Does eating greens give dads healthier babies?
Lack of folate, found in green veg, can cause abnormalities in babies, so women planning pregnancy are advised to take a supplement. Should fathers follow suit?
Finally it is the turn of prospective fathers to be told what to eat - men who want to be dads should ramp up their intake of green vegetables and cut out junk food. A study published in Nature Communications found that fathers with a diet deficient in folate (found in greens such as spinach, sprouts and broccoli) were more likely to have offspring with abnormalities of the head, face and sternum (breastbone) and a buildup of fluid on the brain.
The researchers linked their findings to changes in regions of sperm DNA that are altered by folate. They also found chemical changes in the DNA of genes associated with the development of chronic diseases such as diabetes and cancer. But before you start storming the vegetable aisle - the study wasn't conducted on humans. The folate-deficient fathers were mice.
And although their poor mouslings had nearly 10 times as many abnormalities as those with daddy mice who had eaten their greens, there is no evidence that men who are folate deficient do any harm to their offspring. But while there is no proven link, might such a study make you think twice before refusing that extra helping of sprouts?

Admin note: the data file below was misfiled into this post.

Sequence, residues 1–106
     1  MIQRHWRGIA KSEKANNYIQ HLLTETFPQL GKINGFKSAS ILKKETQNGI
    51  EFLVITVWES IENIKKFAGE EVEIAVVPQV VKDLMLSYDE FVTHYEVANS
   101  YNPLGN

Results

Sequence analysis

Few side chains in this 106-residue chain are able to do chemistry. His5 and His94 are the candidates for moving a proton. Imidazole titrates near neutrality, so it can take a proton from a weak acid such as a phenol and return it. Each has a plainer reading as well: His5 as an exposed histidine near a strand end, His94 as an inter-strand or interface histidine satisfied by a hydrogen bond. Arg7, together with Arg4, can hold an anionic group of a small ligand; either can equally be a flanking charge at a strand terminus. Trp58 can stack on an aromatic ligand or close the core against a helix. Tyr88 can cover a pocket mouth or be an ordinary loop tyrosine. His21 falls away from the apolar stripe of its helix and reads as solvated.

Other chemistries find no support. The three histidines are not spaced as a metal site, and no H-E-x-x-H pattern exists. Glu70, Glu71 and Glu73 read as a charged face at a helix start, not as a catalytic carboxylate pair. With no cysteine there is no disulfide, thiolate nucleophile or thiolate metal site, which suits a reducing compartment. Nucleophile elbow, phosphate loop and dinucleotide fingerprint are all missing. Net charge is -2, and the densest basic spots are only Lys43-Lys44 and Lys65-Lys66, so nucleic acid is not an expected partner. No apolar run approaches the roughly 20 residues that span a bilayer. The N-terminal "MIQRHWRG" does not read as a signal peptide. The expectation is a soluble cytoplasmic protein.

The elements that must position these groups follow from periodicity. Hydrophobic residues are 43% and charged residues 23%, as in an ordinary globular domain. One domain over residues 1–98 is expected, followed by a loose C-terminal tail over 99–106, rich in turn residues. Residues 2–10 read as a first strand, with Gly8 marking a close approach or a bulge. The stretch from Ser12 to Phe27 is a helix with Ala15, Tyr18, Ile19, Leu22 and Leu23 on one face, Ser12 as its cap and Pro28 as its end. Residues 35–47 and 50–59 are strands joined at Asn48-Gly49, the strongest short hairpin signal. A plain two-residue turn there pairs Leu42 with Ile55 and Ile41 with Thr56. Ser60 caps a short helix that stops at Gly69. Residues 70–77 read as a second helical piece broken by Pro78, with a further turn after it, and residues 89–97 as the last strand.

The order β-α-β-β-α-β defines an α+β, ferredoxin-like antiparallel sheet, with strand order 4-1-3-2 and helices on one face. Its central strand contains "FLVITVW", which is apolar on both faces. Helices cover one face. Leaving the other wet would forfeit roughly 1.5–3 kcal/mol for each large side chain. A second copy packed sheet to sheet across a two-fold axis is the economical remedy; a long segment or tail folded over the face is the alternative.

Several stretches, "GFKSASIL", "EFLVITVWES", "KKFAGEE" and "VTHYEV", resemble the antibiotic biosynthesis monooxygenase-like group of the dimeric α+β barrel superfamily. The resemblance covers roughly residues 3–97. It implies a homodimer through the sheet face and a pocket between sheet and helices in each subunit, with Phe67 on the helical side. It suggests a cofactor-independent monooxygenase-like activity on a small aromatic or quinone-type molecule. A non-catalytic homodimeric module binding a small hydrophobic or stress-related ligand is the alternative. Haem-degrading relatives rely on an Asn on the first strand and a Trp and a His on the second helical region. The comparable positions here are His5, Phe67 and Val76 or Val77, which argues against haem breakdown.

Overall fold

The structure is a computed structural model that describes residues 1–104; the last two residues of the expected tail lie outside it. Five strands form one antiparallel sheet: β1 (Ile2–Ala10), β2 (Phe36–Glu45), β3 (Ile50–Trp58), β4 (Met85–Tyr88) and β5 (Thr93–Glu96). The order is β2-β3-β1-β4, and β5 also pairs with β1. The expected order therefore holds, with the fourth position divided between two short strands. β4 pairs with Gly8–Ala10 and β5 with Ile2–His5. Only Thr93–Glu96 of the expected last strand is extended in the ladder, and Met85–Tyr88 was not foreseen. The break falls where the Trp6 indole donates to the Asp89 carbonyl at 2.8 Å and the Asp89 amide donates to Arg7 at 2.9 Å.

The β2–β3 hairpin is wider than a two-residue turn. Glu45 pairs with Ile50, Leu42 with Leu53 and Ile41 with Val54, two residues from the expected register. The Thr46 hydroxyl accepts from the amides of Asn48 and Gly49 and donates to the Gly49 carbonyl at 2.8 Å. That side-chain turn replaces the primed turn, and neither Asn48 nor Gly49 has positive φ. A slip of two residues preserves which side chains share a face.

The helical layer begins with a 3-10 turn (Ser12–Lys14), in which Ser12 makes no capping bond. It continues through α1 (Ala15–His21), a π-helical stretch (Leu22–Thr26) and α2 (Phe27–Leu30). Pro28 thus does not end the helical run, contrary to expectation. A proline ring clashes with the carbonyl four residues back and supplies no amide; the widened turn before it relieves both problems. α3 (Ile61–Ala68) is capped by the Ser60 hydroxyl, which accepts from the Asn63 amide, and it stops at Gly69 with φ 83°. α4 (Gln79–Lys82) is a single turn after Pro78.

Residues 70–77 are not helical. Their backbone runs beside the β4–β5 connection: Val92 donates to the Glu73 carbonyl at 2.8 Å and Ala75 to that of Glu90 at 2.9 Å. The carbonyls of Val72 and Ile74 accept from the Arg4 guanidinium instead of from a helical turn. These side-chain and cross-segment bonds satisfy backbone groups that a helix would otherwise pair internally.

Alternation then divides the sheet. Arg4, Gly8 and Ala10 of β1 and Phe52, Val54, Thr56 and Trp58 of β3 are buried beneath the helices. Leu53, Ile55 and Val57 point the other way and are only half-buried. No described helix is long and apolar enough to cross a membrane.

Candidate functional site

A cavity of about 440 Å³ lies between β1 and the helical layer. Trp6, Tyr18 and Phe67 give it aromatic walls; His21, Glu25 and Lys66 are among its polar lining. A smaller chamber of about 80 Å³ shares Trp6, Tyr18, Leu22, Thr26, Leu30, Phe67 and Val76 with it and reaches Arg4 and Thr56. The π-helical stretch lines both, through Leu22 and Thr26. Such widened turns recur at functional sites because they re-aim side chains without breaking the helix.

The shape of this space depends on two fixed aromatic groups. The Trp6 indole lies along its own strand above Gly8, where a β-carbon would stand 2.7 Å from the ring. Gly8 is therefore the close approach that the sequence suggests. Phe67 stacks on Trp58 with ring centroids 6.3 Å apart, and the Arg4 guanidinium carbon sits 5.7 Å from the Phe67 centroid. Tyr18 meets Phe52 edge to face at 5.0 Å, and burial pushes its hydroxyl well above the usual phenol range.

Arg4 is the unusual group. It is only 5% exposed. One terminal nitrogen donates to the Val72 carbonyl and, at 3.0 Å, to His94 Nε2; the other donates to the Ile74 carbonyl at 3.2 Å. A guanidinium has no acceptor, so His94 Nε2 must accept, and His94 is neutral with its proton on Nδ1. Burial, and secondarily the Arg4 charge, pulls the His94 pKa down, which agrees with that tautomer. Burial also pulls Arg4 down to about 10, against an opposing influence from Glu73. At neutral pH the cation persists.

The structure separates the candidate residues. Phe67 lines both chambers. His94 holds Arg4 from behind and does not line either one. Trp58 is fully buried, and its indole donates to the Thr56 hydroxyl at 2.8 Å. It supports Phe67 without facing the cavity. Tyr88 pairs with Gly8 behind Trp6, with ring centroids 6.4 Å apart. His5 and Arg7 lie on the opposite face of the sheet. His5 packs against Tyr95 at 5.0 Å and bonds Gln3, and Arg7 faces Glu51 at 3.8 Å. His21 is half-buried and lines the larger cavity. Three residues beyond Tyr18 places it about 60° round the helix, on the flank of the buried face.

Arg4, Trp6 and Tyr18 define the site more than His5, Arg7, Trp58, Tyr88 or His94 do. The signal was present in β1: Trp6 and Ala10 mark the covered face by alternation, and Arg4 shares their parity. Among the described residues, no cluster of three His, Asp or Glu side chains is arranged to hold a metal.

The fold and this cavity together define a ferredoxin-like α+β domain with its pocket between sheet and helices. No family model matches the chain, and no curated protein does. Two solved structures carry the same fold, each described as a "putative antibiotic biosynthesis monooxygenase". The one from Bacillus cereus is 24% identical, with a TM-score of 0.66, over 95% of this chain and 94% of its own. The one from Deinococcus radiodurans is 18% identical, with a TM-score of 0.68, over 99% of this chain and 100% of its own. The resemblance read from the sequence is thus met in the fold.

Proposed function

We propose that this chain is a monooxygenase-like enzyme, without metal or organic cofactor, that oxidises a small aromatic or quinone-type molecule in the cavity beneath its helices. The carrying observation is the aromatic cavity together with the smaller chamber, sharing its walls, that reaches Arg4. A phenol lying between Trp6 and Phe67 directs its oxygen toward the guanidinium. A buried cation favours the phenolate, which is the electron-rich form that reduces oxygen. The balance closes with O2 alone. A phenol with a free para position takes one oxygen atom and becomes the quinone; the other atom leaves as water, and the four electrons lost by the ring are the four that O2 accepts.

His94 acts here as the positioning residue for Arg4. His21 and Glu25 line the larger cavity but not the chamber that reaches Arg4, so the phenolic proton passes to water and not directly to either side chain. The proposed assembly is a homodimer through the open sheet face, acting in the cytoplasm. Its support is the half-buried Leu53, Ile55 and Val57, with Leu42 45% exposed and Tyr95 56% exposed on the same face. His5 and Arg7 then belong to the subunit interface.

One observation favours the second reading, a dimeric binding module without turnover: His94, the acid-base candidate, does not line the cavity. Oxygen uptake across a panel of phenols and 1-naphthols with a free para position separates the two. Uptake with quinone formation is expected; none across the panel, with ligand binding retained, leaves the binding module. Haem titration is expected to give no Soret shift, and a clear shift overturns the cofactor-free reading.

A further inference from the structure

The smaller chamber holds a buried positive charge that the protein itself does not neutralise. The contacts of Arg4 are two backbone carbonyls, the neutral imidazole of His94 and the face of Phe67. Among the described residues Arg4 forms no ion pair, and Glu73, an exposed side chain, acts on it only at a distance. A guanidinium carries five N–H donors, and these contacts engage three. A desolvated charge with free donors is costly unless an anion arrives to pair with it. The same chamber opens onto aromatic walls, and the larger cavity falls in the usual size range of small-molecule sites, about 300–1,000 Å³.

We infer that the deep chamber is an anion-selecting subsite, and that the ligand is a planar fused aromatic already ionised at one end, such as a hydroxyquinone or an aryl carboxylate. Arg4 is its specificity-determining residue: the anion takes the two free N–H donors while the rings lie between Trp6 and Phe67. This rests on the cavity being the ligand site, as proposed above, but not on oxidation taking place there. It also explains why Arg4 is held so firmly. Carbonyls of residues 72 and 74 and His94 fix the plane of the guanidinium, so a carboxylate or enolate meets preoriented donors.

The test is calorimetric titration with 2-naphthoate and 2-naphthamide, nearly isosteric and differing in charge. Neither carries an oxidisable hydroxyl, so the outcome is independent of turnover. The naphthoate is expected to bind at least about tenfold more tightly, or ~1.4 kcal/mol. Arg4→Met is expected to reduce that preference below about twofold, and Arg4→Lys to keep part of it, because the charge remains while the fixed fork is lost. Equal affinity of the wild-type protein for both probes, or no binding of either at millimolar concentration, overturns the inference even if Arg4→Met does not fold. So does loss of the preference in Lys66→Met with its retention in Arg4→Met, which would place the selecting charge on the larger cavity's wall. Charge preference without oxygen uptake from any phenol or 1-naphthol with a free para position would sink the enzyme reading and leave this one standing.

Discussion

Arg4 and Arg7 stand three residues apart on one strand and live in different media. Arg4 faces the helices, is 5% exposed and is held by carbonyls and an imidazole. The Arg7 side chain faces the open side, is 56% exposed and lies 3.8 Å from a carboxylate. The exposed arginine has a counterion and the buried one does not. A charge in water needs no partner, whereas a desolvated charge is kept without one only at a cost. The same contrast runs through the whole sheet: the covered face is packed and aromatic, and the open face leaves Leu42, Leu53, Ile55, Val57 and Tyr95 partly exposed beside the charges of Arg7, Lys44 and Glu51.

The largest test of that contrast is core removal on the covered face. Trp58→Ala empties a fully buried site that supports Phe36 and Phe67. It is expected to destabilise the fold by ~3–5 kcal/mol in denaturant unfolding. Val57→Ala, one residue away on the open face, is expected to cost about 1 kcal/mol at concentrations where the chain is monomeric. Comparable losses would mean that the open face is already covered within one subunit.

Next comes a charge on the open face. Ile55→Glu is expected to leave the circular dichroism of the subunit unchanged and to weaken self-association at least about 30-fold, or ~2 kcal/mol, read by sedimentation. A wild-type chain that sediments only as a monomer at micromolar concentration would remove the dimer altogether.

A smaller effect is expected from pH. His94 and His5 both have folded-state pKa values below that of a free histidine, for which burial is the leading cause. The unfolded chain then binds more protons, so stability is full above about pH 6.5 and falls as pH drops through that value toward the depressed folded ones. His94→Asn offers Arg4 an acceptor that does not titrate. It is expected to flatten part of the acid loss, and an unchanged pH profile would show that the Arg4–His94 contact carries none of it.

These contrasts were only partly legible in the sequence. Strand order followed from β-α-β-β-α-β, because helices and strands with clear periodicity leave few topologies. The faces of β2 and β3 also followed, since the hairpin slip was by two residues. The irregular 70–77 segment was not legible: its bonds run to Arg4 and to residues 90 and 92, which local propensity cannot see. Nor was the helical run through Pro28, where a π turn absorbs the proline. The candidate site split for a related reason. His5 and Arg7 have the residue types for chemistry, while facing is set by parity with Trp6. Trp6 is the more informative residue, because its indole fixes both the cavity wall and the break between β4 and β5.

The solution the role of folate deficiency in causing a baby's brain or spine to develop abnormally (for example in spina bifida, in which the spinal column doesn't close properly) is well known and is why women are advised to take a daily folate supplement of 400 micrograms if planning to get pregnant.
The brain and spinal cord form in the first few weeks so it is better to have some folate on board before you conceive. The authors of the study say that the changes they found were specifically in the sperm epigenome - the chemical compounds that tell the genes which proteins to make and which to switch off. This effect, they say, means that the diet of men may be as important as that of women in the months before conception.
But mice, while sharing most of their genes with humans (out of 4,000 studied, less than 10 are found in one species and not the other), are not interchangeable with humans, though there have been some major medical advances from mice models, such as the finding of a treatment for an acute type of leukemia.
A study in 2001 in the journal Fertility and Sterility found low levels of folic acid in men were linked with low sperm counts and less active sperm. So while the evidence is not staggering, it makes sense to eat a healthy diet and avoid anything that damages the DNA you are planning to pass on to the next generation.